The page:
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Disappointed in Skorman replacement

The City Council did a great job of snuffing out the will of District 3 voters in selecting Stephannie Fortune to replace Richard Skorman.

Richard Skorman, elected this year with close to 60% of the vote, was a progressive voice on the council on various issues, bringing much needed balance. His resignation to take care of his business, in the face of new competition, was understandable, if disappointing. However, with so much time remaining on the term, the council should have actively sought out someone who shared his views on the direction of our city.

His measured action on behalf of Colorado Springs will be greatly missed, especially on issues like open space, disaster preparedness and economic growth.

Instead of appointing someone that District 3 voters might have actually elected, council chose to pack the council with yet another conservative voice, who is not a longtime resident of the district, as Skorman is.

While her credentials are impressive, Fortune’s resume is clear evidence that she will not be the progressive voice that Richard Skorman was. Of course, she deserves the chance to show how she will represent District 3 and hopefully she looks to how Skorman governed as a guide.

Becky Rolig

Colorado Springs

Trash removal in the city

As I was paying my trash removal bill, I was reminded by the comment in the paper about towns that have the trash and recycling picked up by the city. The trash removal is under the city’s responsibility. I have seen this done in Loveland and Fort Collins.

Their recycling is beyond compare with areas where you can get items you can use yourself that has been donated other individuals. This arrangement would be more efficient for everyone who has trash removed.

Paula Lagerstrom

Colorado Springs

Protect our first responders

Here’s why the proposed 25-story skyscraper will jeopardize and greatly endanger the lives of our firefighters and other first responders. Why? First, our firefighting trucks do not have ladders to reach to, say, the 20th story. How would we fight such a fire? Rescue people? Haul hoses up stairwells, such as firefighters at the 9-11 Twin Towers?

The developer will say there will be a sprinkler system. Yes, but who knows what damage a fire, or explosion will destroy, including elevators? Sprinklers systems fail. Be realistic, we cannot fight a fire on the upper floors of a 25-story building. Our firefighters and first responders should not have to risk their lives and possibly die there. We don’t want the hurried pace of an anonymous skyscraper horizon. We want to protect our first responders from needlessly jeopardizing their lives. The Planning Commission, Mayor John Suthers and the City Council have a responsibility to prevent developers from ransacking our, “sleepy little town.” They must vote against the skyscraper.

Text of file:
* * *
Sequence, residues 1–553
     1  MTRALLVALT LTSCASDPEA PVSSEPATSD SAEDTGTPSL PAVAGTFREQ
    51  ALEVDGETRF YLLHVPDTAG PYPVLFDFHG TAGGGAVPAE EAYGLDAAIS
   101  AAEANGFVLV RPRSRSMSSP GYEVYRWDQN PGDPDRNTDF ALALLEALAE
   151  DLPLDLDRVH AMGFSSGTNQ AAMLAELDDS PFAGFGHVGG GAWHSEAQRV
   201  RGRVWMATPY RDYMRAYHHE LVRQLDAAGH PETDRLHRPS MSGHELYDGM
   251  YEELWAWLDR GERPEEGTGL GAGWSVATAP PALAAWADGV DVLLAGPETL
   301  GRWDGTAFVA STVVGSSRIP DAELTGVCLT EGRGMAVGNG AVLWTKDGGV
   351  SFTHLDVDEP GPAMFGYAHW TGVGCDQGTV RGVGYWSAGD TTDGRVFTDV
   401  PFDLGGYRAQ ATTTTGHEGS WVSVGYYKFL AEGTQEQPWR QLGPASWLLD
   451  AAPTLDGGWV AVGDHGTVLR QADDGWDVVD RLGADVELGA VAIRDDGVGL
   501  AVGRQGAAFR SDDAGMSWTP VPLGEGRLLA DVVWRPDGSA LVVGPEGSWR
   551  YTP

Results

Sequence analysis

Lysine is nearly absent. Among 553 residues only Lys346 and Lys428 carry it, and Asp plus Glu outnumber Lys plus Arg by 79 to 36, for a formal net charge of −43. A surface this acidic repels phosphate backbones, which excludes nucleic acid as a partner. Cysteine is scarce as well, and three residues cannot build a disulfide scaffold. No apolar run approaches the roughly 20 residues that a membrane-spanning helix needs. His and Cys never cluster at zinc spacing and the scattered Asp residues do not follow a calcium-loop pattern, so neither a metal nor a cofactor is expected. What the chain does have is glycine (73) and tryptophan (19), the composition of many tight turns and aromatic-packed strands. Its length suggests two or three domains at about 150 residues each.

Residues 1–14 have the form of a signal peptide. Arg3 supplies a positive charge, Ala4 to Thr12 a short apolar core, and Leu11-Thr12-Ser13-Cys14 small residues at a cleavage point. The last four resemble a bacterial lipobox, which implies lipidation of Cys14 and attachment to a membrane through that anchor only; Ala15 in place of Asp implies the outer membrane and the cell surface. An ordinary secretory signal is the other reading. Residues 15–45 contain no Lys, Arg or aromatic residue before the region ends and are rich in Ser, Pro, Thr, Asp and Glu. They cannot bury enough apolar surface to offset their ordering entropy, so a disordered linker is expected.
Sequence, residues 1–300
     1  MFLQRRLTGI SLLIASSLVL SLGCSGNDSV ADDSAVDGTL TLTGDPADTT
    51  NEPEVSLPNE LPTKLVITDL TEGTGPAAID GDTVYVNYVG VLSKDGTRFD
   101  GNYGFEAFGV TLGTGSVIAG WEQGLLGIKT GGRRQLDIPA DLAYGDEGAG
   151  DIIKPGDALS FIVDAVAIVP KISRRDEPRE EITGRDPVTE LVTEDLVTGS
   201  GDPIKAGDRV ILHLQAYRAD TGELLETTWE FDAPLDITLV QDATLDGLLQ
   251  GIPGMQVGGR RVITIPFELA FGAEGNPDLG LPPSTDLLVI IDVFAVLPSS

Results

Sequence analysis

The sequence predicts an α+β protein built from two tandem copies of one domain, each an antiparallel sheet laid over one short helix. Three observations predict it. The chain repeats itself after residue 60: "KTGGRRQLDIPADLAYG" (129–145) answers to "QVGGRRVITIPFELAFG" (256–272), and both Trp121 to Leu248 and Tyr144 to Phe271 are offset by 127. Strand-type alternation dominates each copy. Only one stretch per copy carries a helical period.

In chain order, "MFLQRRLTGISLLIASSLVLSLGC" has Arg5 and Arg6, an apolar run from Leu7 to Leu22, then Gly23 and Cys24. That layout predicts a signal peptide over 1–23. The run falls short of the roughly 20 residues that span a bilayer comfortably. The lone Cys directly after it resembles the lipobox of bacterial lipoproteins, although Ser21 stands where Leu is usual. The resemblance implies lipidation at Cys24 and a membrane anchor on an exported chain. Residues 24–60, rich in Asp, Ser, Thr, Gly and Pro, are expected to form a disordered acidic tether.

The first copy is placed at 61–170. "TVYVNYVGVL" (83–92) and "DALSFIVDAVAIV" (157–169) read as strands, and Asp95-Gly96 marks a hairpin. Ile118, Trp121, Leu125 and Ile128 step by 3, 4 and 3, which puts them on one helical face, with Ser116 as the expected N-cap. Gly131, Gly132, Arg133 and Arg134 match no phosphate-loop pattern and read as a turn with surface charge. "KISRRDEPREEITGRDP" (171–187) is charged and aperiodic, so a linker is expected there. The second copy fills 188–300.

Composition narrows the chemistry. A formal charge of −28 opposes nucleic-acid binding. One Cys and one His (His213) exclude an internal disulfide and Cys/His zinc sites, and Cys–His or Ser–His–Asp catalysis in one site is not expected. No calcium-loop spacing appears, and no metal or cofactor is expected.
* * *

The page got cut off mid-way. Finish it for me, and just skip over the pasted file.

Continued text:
James Ciletti

Colorado Springs

The message is an unfortunate one

Wayne Laugesen’s Sunday interview with Elise Westhoff of the Philanthropy Roundtable is well-received. The message is an unfortunate one and might have gone further.

Some “grassroots” entities are little more than fronts for left-wing activists to hide that they accept donations to their ultrawealthy organizations.

These groups are actually run from Washington, D.C., and push liberal causes disguised as “charity.” They pull in tax-free money and lobby Congress on bills including D.C. Statehood, the For the People Act, and the $1.9 trillion stimulus package. It is a deception campaign.

They rely on heaps of money generated by long-dead capitalists and left to corrupt foundations, which shield their money from taxes behind the fiction of “philanthropy.”

All of this is detrimental to the charitable impulse of Americans who wish to be the “most generous country” in the world.

Janice Taylor

Colorado Springs

Good old days were good

Much fun is made of old folks like me longing for the “good old days”, but let me say this, compared with what this country is like now, they were good. Perhaps because I was growing up, raising a family, going to work, and living a busy life, I wasn’t aware of many of the problems that existed in years past. Or maybe it was because we weren’t subjected on media to every word spoken and every move made by everyone in the public eye. Regardless of the reasons, I do miss those days when life seemed pleasant enough and the country seemed to be civilized.

Every morning when I get up, I read the paper. It is becoming more and more disheartening every day. The surges in COVOD, the daily shootings, the lawsuits filed for everything under the sun, the suicide rates for teenagers, and on and on. One of the most discouraging things is the absolute hatred and viciousness that is present in our country today. Some of the people who are supposedly governing our country are so engaged in trying to oppose everything the other side is doing. Awful rhetoric is being used, and those who work in Washington don’t feel safe going to work.

I miss a country where people cared enough about others to try and make things safe for others. I miss a country where people were civil to each other. I miss reading the paper in the morning and see some good news. I miss especially, the days when people didn’t have to think about whether their children were going to be safe going to school and guns were not the prime method of “getting even” with someone. I miss the days of civility.

It is so depressing to reach the age I am and to see our country going downhill fast.

Our planet is in danger, the decency shown to others in the past is in danger, and when our children have to have drills in case a shooter enters their school, it is obvious that something needs to be done fast. Can anyone do it?

Sally Alberts



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